118-1 Mob-Type Grazing May Negatively Impact Animal Performance.
Monday, October 23, 2017: 2:35 PM
Tampa Convention Center, Room 19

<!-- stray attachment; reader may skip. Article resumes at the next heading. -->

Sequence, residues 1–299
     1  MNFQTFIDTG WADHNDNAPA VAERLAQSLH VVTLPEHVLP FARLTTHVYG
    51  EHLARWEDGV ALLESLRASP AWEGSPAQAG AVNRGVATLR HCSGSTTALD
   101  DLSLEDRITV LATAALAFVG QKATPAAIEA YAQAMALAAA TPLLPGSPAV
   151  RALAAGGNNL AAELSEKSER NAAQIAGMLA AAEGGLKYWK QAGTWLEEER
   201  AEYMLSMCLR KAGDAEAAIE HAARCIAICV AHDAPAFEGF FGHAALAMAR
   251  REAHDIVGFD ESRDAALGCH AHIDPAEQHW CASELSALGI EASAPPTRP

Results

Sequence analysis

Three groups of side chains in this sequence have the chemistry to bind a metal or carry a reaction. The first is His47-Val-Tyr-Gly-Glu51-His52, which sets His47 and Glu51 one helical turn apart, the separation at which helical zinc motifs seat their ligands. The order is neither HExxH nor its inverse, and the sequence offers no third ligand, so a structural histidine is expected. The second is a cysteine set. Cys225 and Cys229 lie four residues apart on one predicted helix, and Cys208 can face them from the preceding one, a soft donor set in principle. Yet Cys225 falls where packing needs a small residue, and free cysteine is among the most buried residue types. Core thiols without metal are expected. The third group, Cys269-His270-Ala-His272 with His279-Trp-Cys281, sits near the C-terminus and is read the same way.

This talk summarizes a research study that addressed mob-type grazing in Virginia. The study was conducted from 2013 to 2016 and compared three grazing systems: mob, rotational and continuous grazing. Various system characteristics were measured including forage productivity, forage nutritional value, animal performance, indices of soil health and clover populations. This talk will focus on forage and animal data. Mob grazed pastures accumlated more forage than continuous or rotational sysems because much of the forage was trampled and not eaten. Forage quality in mob grazed pastures was reasonably good despite an abundance of overmature grasses. This result may have been related to the considerable clover abundance, which helped improve forage quality. Cow-calf performance was significantly poorer under mob-grazing. A hypothesis is that cows may have been consuming more highly toxic tall fescue seeds compared with the other systems. Overall, we found little evidence to support adoption of mob grazing over standard rotational grazing in our tall fescue based systems.
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